Though praised as one of the forerunners in American humor writing, Ian Frazier fails to deliver any laughs outside of pity or nostalgia for shoddy, safe witticisms.

In concept, Ian Frazier’s 1997 book Coyote V. Acme (Picador, ISBN: 0312420587) should turn out great: twenty-two essay/short-story hybrids, each satirizing a different topic in American culture from a different point-of-view. However, in execution, Frazier falls between otiose wit and contrived, trying-too-hard absurdity.

The First Es
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James Swenson
Frazier's essays are generally delightful. In this collection, the writing is good, but the main pleasure is in the concept of each article. For example, the title piece, "Coyote v. Acme," is a great idea. Now that you get the joke, though, you don't really need to read through the legalese of the plaintiff's opening statement. Likewise "Boswell's Life of Don Johnson," etc.

The best of the bunch is "Line 46a," the new instructions for tax form 1040 inspired by the tagline for the movie "Point of
...more
Emily Togstad
Emily Togstad
English 11-6
Goodreads


“Coyote V. Acme”


“Coyote V. Acme” was written by Ian Frazier. It is an essay written about a court case. The court case is about a Coyote that is suing the Acme Company of $38,750,000. The essay talks about all the products that the Coyote used to capture a certain prey, and why they did not work.


The main character is the coyote. He seems really dumb. If the products don't work the first time, then why would he keep using them? The person speaking is Mr. Harold
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William Young

Coyote v. Acme is about Wile E. Coyote suing the Acme company for selling him defective products that always hurt him. It was funny to read how the products would never work when he tried to capture the road runner.Wile E. Coyote would take time to set up the traps perfectly but they are always defective products. Wile E. Coyote is looking for a lot of money by suing Acme.


Wile E. Coyote is really the only character in this writing. He is the one who would use the products that never work so he
...more
Blake

“Coyote v. Acme,” is a short story by Ian Frazier. It started in a courtroom with Wile E. Coyote pleading to the judge about the mishaps and injuries he encountered when using Acme products. He purchased these products from Acme to capture the roadrunner. The first thing he talked about malfunctioning was the Acme Rocket Sled. When he sat on it, it took off at high speed and stretched his whole body out as he tried to hold on. The second contraption that malfunctioned was the Rocket Skates. Afte
...more
Brian DiMattia
Brilliant and hilarious...but only for certain senses of humor. It's random, high-brow, and intellectual. It's ironic, but obtusely ironic. It's requires a knowledge of, or at least an appreciation for, both literature and pop-culture and often cross-breeds them to produce bastard children of comedic brilliance.

Honestly, one of those books you will either love or hate. You will probably either think it's full of conceptually brilliant ideas or will write them off as being dumb, elitist, or "tryi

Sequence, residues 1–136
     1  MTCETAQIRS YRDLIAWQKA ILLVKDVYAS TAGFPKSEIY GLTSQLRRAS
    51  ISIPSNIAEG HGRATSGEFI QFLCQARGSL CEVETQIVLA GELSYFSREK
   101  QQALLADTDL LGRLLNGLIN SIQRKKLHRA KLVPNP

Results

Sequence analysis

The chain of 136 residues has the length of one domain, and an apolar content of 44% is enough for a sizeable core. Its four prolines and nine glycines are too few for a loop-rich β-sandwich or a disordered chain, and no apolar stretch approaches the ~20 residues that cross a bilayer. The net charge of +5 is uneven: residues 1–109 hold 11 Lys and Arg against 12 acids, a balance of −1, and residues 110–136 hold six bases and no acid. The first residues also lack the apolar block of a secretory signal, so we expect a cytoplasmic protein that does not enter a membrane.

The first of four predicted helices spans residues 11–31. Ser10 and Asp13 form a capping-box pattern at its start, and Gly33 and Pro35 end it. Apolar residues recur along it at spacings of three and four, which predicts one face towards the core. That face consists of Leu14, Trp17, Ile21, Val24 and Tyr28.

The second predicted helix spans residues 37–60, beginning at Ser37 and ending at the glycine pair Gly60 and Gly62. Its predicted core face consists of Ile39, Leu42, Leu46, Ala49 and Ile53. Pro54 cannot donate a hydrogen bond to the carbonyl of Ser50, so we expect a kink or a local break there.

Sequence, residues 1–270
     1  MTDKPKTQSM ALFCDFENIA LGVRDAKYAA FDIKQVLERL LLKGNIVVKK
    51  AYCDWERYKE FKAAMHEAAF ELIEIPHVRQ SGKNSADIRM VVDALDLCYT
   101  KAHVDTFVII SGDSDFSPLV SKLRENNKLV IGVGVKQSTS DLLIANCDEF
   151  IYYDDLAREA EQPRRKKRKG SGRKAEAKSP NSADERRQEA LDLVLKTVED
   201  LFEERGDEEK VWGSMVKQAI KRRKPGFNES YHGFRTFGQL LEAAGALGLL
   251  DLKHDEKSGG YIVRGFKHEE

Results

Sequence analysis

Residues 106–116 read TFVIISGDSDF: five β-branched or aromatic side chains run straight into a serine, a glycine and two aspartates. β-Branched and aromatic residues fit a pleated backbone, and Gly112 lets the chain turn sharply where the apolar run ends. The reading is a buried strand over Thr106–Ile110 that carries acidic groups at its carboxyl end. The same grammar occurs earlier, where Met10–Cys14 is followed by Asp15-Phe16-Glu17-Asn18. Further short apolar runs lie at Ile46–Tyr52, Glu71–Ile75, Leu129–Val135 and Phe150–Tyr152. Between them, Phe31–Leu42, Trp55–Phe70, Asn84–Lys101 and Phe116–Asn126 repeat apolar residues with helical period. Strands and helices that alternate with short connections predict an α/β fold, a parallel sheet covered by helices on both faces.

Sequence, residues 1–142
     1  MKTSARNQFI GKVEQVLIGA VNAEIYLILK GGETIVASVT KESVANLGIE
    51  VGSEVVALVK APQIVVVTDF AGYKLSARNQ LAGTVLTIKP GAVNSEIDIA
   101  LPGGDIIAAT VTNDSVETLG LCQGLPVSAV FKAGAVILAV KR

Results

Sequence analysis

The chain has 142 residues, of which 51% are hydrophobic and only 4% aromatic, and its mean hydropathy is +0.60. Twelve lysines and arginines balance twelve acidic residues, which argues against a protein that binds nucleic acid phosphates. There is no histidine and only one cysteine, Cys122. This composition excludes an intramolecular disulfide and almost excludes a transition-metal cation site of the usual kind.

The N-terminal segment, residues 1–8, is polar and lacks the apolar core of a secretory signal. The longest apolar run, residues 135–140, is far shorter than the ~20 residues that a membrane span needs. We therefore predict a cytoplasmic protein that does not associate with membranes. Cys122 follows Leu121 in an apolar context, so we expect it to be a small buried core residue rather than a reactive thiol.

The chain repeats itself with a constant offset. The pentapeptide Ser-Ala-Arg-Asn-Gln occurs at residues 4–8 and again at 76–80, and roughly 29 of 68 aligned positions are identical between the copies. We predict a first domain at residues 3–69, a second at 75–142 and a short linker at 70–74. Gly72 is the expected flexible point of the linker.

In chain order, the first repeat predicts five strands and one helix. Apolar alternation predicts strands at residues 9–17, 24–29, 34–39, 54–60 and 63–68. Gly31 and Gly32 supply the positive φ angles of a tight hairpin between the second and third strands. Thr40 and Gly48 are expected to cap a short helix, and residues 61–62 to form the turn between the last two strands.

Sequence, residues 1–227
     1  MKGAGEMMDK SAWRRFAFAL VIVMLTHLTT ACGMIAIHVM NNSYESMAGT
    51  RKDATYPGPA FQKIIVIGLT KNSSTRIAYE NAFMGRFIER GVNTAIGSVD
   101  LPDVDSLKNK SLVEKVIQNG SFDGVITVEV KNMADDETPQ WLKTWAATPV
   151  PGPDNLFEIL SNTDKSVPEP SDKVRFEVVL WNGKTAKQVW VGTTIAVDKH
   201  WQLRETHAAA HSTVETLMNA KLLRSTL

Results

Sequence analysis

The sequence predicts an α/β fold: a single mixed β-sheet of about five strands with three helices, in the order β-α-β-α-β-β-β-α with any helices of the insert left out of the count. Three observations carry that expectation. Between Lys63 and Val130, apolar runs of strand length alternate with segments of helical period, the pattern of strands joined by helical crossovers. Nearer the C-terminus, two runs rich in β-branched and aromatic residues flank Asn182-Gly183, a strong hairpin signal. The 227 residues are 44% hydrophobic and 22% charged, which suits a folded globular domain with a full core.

...more
Bruce
Jun 01, 2013 Bruce rated it 3 of 5 stars  ·  review of another edition
Recommends it for: lawyers, auditors, and actuaries
(More like 3.5 stars.) Going to the library to find Mark Twain's travel books, I was directed to the humor section. There I came across the three thin volumes that form the basis of this triple review. Generally speaking, it's probably not fair to the authors to compare their respective works, but I'll exercise the prerogative anyway because these are all so similar (and who's gonna stop me). Each of these books weighs in at a squidge over 100 pages, with about 20 short essays that achieve absur ...more
Lydia
It's hard to rate this book because it's humor and I'm dumb at humor. A few of the stories I didn't get at all, a few stories I felt like I was missing some good parts, one I skipped, and a couple were really good. The story with same title as the book is great. It's good enough to induce tears of laughter. Also the one that rewrites a bit of "Wuthering Heights" is good.
Phyllis
What a wild and crazy book! Odd ball humor is an understatement. I especially liked "Line 46a" and "Issues and Non-issues." If cartoonist Edward Gorey were to write an essay on a "contemporary" topic, the essay would be just like the ones in this book. I read the book slowly as I reorganized my linen closet. I wanted to fix the linen closet for the last time so it would be useful and I wouldn't need to come up with a new way of organizing it in three months. This crazy book kept me sane while I ...more
Kelly Ferguson
The essay Boswell's Life of Don Johnson about sums up the intended audience here: the reader has to have the literary reference point of Boswell's Life of Johnson, and be old enough to remember the Miami Vice hoopla phase of America. (Raise your hand if your high school boyfriend ever showed up in a white jacket over a pastel top, no tie.) Which is to say, the audience for Coyote v. Acme is me. I love Ian Frazier. The four stars comes the limitations of publishing a book written for a particular ...more